PS: I’m available to sign anything. Peppe, did you get any feedback from some of our US friends? Sanjoy, Jim, maybe Stankovic, Sha?

  6. Citing references from high IF Journals for researchers of developing countries is difficult. Simply because most of these journals are no OPEN ACCESS and most University libraries in these developing countries do not have subscription for these journals. Hence, good researches from developing countries may not have a place in high IF Journals. I wish to submit these high IF journals should be open accessed especially to developing countries.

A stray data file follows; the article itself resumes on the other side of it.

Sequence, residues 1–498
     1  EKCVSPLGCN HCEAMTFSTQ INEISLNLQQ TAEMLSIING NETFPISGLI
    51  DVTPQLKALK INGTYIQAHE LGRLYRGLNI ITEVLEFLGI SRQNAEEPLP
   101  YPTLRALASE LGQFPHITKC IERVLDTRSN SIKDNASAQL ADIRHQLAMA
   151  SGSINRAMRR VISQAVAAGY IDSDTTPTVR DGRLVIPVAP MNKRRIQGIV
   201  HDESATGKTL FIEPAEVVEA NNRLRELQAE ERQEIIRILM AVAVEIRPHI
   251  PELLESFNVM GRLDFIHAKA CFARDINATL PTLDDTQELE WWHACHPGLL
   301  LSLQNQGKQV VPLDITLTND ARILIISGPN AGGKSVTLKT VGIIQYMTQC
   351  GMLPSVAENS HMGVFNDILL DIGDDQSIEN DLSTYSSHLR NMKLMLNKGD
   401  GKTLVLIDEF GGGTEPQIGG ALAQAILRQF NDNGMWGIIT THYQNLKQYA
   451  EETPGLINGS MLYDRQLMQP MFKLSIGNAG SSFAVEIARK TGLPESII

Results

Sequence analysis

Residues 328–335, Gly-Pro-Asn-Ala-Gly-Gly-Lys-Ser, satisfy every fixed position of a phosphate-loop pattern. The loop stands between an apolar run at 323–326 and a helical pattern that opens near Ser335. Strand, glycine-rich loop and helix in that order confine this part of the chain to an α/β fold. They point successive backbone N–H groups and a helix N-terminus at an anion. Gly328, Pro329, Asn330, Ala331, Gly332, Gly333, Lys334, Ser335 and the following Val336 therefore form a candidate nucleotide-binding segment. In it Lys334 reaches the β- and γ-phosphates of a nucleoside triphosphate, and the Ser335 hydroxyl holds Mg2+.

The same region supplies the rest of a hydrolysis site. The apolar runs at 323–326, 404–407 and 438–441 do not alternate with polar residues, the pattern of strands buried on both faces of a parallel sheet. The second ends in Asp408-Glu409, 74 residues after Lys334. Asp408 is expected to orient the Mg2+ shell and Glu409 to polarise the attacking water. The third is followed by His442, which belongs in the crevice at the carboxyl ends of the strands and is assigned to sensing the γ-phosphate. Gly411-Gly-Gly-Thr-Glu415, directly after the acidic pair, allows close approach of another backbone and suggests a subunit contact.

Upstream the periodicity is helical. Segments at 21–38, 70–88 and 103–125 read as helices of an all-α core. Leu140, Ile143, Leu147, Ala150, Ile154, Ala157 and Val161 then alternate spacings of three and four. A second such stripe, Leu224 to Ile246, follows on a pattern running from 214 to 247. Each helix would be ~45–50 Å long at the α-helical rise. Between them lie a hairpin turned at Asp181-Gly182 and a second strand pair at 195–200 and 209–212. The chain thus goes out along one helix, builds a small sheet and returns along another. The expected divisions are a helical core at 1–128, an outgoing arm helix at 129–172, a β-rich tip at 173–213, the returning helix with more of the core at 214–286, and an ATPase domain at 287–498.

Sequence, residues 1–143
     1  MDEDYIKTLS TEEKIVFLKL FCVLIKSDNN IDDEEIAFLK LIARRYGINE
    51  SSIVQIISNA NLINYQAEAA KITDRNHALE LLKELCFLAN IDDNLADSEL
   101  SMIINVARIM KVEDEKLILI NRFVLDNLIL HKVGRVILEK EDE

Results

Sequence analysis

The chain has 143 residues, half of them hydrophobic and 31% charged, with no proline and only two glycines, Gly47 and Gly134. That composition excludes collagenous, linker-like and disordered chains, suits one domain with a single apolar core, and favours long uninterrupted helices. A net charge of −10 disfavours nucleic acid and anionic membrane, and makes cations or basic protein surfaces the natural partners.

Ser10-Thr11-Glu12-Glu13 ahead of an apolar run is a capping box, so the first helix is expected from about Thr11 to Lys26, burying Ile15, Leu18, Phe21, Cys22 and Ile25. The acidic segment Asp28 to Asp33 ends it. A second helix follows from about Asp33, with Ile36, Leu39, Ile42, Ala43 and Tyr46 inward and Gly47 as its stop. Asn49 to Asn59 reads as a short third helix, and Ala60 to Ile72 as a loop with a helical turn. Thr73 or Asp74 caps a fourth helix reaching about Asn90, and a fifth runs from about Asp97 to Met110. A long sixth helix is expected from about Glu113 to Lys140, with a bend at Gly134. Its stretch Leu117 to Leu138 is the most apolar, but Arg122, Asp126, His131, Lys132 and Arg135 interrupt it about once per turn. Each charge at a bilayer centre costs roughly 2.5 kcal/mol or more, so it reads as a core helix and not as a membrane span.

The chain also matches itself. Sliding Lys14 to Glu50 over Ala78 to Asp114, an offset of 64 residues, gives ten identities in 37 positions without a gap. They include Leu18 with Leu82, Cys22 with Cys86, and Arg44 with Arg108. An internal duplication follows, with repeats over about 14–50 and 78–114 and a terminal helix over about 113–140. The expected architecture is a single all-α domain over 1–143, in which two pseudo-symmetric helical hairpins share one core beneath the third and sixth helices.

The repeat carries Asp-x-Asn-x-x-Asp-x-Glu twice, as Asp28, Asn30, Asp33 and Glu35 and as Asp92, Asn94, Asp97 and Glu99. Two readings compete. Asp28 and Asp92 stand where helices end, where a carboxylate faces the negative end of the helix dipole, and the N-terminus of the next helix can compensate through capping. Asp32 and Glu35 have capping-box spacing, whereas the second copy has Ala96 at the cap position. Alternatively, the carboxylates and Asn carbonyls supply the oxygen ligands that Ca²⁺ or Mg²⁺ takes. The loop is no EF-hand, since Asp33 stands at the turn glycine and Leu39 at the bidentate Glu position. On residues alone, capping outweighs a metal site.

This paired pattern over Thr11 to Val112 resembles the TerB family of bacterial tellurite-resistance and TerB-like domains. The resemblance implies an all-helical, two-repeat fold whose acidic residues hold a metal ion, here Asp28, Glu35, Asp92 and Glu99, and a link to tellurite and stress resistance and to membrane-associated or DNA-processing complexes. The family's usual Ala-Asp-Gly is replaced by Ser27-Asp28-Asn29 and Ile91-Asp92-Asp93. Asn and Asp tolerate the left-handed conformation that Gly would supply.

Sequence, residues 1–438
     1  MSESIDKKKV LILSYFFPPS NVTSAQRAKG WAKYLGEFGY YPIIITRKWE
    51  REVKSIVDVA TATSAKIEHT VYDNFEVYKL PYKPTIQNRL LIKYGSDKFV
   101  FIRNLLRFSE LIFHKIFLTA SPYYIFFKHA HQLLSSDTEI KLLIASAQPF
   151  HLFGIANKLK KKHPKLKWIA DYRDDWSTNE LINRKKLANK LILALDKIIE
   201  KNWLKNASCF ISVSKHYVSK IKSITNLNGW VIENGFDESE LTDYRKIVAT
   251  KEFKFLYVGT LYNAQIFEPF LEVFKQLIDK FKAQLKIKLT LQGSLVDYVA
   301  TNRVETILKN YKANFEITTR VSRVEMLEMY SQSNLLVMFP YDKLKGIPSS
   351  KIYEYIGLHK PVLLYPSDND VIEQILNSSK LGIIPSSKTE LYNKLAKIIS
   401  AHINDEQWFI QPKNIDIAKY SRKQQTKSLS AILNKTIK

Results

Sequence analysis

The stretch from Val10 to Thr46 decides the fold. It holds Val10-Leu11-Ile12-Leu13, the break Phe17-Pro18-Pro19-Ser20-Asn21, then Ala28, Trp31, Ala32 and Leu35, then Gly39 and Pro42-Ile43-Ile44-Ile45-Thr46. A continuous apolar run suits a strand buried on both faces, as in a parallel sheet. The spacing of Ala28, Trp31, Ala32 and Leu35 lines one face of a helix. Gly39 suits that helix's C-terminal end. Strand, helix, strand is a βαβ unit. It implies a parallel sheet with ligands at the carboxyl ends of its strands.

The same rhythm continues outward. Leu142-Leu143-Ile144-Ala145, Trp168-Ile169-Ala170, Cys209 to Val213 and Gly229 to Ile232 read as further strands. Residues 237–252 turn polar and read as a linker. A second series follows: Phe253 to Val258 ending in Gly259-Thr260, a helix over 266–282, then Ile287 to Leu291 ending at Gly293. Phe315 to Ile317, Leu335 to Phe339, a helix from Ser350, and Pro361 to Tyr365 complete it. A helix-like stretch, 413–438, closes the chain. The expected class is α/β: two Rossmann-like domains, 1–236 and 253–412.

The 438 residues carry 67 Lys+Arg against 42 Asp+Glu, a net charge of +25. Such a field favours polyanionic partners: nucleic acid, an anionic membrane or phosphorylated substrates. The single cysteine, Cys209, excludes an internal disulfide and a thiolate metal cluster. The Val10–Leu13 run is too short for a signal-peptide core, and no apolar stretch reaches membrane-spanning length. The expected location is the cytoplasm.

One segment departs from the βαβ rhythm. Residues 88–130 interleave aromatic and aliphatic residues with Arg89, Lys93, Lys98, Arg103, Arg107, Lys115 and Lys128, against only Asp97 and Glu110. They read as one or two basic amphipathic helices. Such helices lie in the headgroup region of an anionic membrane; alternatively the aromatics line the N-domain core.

7. I think many IEEE journals play these tricks. This is a standard boilerplate used by the IEEE Transactions on Systems, Man, and Cybernetics Part C:


    Since many of the papers published in the IEEE SMC Transactions (see Xplore: have been influential in their respective topics, we ask you to find and potentially cite recent, relevant papers in your revision.